Mickelson not distracted by hat-trick bid in New Orleans
NEW ORLEANS, Apr 27 (Reuters) US Masters champion Phil Mickelson is reluctant to dwell on the prospect of his third title in a row at this week's Zurich Classic of New Orleans.
The world number two returns to PGA Tour action after a three-week break following his 13-shot victory at the BellSouth Classic and two-stroke triumph at Augusta National.
''I don't think about trying to win how many in a row,'' the American left-hander told a teleconference at the English Turn Golf and Country Club yesterday.
''The fun thing for me is having a chance to win on the weekend. I just want to get into contention for the weekend because that's what's so enjoyable for me about playing the Tour.'' Mickelson has taken great delight in celebrating the third major title of his career.
''It has been really terrific over the last couple of weeks because I was able to be with my family and share it with them,'' he said.
''It will be a little while longer before I put the total celebration behind. It's been fun to relish and look back on the Masters.'' SAVOURING SUCCESS Mickelson has been able to savour his success in a way that was not possible after his first Masters triumph in 2004, a breakthrough that ended a 12-year wait for his maiden major title.
''It was a lot different then,'' the 35-year-old Californian recalled. ''In '04, I was not so much excited but almost in disbelief for a week or two. I just relished going on every talk show and talking about it. It was fabulous.
''This time, there is a great sense of satisfaction having won, and having been able to beat such a great field.
''But I also want to challenge myself now for Winged Foot because I know that golf course is a terrific test, and I feel I can play well there,'' he added, referring to the venue for this year's US Open.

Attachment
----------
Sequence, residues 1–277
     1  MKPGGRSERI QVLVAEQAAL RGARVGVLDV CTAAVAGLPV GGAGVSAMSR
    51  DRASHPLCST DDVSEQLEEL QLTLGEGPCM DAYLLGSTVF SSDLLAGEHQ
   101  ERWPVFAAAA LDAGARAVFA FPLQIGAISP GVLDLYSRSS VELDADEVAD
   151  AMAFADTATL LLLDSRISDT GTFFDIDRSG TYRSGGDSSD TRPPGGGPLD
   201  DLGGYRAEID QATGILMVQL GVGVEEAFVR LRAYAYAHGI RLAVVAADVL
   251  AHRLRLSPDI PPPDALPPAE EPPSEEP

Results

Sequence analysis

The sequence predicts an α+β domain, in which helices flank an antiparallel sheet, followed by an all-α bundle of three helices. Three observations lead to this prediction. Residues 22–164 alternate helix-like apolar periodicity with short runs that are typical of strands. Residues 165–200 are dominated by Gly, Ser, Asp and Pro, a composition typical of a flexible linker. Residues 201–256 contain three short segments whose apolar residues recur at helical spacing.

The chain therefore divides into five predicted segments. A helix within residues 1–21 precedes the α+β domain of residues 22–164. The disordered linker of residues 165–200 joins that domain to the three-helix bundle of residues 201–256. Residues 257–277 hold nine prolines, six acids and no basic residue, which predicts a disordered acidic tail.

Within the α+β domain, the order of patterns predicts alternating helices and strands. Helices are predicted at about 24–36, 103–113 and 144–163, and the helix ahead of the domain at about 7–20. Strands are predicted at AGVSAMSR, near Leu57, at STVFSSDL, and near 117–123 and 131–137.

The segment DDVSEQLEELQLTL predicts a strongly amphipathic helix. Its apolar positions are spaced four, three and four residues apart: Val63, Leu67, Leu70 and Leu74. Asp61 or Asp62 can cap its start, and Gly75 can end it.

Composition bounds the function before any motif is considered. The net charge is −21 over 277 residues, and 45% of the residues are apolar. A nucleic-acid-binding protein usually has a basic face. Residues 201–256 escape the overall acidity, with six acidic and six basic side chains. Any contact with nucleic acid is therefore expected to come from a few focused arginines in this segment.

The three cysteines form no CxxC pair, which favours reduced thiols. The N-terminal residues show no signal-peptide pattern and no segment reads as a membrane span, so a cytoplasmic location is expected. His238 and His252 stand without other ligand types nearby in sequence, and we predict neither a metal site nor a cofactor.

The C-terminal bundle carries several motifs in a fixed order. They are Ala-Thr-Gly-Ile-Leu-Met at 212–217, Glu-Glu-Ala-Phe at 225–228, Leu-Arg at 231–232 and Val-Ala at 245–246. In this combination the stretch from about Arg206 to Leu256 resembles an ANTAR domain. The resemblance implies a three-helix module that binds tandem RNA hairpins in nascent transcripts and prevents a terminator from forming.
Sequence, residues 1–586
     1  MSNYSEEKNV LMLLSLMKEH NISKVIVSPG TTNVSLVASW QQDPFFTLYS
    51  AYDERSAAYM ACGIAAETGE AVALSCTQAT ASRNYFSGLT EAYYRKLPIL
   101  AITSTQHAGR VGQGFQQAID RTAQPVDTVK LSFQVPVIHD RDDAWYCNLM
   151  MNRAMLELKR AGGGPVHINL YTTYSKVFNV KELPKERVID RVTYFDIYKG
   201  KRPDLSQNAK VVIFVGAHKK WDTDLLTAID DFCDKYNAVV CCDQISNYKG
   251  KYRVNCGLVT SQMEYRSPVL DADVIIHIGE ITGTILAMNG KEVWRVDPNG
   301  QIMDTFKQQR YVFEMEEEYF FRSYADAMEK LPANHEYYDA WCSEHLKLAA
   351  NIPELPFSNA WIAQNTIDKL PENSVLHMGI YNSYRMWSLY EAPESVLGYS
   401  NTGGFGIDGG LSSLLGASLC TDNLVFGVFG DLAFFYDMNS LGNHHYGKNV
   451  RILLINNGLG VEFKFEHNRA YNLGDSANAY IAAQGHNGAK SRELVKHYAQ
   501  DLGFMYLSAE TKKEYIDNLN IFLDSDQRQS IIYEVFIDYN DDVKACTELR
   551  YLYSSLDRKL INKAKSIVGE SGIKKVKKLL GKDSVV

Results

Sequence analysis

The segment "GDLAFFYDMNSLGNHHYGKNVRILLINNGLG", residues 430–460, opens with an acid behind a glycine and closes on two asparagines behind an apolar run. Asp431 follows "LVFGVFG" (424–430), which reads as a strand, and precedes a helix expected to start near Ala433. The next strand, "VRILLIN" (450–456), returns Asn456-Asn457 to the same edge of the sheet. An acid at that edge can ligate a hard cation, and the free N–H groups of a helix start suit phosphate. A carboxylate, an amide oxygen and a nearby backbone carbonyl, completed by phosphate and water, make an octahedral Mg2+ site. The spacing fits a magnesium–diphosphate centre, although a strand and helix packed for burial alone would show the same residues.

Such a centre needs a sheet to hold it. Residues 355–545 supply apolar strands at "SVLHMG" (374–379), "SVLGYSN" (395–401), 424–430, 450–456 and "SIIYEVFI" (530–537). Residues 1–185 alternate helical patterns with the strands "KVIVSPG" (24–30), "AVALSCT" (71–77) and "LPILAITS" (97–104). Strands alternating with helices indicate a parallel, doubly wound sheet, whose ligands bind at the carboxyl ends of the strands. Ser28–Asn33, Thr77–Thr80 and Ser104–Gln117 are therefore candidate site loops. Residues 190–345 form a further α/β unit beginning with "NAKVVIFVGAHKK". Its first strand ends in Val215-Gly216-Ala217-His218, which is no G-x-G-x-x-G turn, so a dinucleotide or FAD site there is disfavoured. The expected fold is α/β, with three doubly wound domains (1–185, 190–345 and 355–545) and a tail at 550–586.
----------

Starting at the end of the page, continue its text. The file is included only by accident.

Two cuts of rough will line the narrow fairways of the 7,264-yard West Course at Winged Foot when it hosts the US Open from June 15-18 and Mickelson spent the last two days there taking a closer look.
''It's terrific but it's going to be the longest test of golf, with the tightest fairways that I've seen,'' he said.
''The fairways were 23 yards wide and that's a big problem because they are not level. A lot of them have pitch and angle to them which effectively cuts them down to about eight to 12 yards.
DEEP ROUGH ''The rough is going to be extremely deep, and the greens are very difficult and undulating. So, I think we will not have to worry about par being a good score there.'' Having won last year's U.S. PGA Championship at Baltusrol, Mickelson is on track to emulate Tiger Woods as the only player in professional golf to hold all four majors at one time.
Woods did so after clinching the 2001 Masters but Mickelson was reluctant to ponder the possibilities of following suit.
''To look that far in advance, it's not smart because it doesn't give me the best chance to play well in the next tournament, which is what I am trying to do,'' he said.
''If I start looking forward to Hoylake or Medinah, I can't digest it. They are two different style golf courses and there are different shots that I've got to hit.
''I want to focus in on Winged Foot, much like I tried to do at Augusta, and hit the shots that I need to there.'' For Mickelson to complete the major set, he needs to triumph at the U.S. Open before winning the British Open at Hoylake in July.
The final major of the year, the US PGA Championship, takes place at Medinah in Illinois from August 17-20.
REUTERS DH KP0944